Pollen counts on the rise

March 23, 2015

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ISLAMABAD: While spring blossoms add to the natural beauty of the federal capital, the pollen in the air makes life difficult for allergy patients.

According to the Met Office, rains had helped keep pollen counts low over the last two weeks but clear weather has suddenly increased the pollen in the air over the last two days.

“On Saturday, the pollen count in Islamabad was 9,400 which increased to 18,132 on Sunday. On Monday, the count could cross 20,000 but on Tuesday and Wednesday rain is expected which would settle the pollen in the air,” Mohammad Junaid of the Met Office told Dawn.

“After Wednesday, the pollen count will begin rising and again could cross 30,000,” he added.

The official said 2005 was the worst year for allergy patients in Islamabad when the pollen count crossed the mark of 47,000 on March 26.

In 2006 and 2008, the pollen count touched 45,000. Last year, a maximum pollen count of over 30,000 was recorded on March 23, he said.

“Even the count of 18,000 is considered extremely high so the allergy patients should adopt precautionary measures. Some patients leave Islamabad during spring and those planning to do so should leave immediately as the pollen count will only rise in the coming days,” he said.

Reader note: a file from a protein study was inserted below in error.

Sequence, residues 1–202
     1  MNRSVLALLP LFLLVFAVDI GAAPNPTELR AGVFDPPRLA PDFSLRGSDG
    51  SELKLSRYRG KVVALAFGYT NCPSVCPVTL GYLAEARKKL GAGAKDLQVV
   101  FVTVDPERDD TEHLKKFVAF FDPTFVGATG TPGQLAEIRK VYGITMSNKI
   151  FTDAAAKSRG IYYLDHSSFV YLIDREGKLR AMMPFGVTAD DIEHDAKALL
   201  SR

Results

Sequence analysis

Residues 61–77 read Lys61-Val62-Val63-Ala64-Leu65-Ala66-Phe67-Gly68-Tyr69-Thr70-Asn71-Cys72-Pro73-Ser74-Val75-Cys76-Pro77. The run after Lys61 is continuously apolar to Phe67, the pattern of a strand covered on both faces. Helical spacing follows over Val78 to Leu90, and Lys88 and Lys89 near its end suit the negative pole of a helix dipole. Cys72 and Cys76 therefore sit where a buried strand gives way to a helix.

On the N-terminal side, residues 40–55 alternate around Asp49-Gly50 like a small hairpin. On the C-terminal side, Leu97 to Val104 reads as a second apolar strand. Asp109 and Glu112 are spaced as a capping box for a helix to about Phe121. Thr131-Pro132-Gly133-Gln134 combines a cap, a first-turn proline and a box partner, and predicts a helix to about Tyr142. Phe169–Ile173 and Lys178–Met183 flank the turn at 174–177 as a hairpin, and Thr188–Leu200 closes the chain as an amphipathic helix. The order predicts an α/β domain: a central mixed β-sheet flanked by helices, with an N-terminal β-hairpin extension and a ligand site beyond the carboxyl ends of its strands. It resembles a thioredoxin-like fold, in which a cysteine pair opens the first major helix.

The official said the pollen season usually started on March 15 and ended after the first week of April.

Meanwhile, the number of pollen allergy patients arriving in hospitals is increasing. The Pakistan Institute of Medical Sciences (Pims) media coordinator, Dr Waseem Khawaja, told Dawn that 1,200 adult allergy patients and 1,500 children visited the emergency department of the hospital this month.

“Moreover, a number of people suffering from pollen allergies have been visiting the Outpatient Department (OPD). As many as 50 nebuliers have been installed in the emergency department,” he said.

Dr Khawaja said pollen allergy symptoms included sneezing, runny nose, watering of eyes, coughing, improper breathing, wheezing and eventually attacks of seasonal asthma. The skin can also become itchy, he said.

Dr Khawaja said complete avoidance of allergenic pollen means moving to a place where the offending plant does not grow and where its pollen is not present in the air. But even this extreme solution may offer only temporary relief since a person who is sensitive to one specific weed, tree, or grass pollen may often develop allergies to others after repeated exposure.

“There are other ways to avoid pollen such as remaining indoors in the morning, when the outdoor pollen levels are highest. Sunny, windy days could be especially troublesome”.

If people with pollen allergy work outdoors, they should wear face masks designed to prevent pollen from reaching nasal passages. Some people take vacations in the pollen season and choose a location where such exposure would be minimal,” he said.

He said the temperatures have been rising over the last few days so air conditioners could be used at home and in the car to help reduce exposure to pollen in the air.

Published in Dawn March 23rd , 2015

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